Though Sarah Palin may be staying silent about her potential bid for an Alaskan Senate seat, the Tea Party and GOP are becoming more vocal about their hopes for her.
The Tea Party has unwaveringly expressed support for Palin's possible run, but the GOP has been less than enthusiastic about welcoming back the controversial former governor to the national stage.
Since the 2008 presidential campaign, when Palin ran alongside John McCain as his vice-presidential candidate, she hasn't spent much time in her home state. Palin even resigned as governor of Alaska shortly after losing the presidential race with 18 months still to go in her term in order to pursue other interests - mainly a TLC television show and a Fox News correspondent gig.
“I think there are a lot of outside interests that would like to see Sarah Palin in some form of elected office. Most in Alaska recognize our former governor is really not involved in or engaged in the state anymore, that she’s moved to other interests,” said Sen. Lisa Murkowski (R-Alaska). “In order for you to represent the state of Alaska, you’ve got to be in the state.”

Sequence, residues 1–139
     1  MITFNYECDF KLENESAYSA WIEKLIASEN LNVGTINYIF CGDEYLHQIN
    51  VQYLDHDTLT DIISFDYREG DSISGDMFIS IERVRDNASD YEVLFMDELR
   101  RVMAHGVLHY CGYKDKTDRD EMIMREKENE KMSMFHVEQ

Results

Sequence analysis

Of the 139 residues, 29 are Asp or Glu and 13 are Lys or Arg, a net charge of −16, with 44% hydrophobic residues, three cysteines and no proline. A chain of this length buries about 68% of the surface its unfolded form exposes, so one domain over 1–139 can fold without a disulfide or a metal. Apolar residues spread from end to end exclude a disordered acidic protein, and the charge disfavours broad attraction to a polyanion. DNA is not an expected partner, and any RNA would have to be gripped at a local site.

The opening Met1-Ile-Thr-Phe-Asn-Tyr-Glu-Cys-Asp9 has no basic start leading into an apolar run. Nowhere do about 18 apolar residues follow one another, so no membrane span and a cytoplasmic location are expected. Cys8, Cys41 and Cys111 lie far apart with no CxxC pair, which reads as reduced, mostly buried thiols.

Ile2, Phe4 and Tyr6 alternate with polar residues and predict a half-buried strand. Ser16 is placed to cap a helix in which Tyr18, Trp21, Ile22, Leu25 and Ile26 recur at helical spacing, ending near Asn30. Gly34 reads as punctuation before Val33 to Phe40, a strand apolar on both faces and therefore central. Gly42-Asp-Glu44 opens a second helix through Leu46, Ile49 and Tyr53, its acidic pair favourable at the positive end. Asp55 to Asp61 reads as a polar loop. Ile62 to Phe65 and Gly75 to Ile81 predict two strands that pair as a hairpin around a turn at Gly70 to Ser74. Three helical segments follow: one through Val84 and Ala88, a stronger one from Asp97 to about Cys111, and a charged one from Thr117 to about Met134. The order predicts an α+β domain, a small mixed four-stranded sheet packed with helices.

A Harper Polling survey earlier this month showed Palin with a soft lead over another potential Republican Senate candidate, Lt. Gov. Mead Treadwell, 32 percent to 30 percent.
Republicans and the Tea Party officials have identified current Democratic Sen. Mark Begich (Alaska) as vulnerable, and some believe Palin would be able to unseat him given her national ties. Murkowski, however, has hinted that she’s less than pleased with Palin.
“I just do not think that she has those leadership qualities, that intellectual curiosity that allows for building good and great policies,” Murkowski told CBS’s Katie Couric.
Despite that, Tea Party activists will remain persistent in their support until Palin does make her intentions more clear.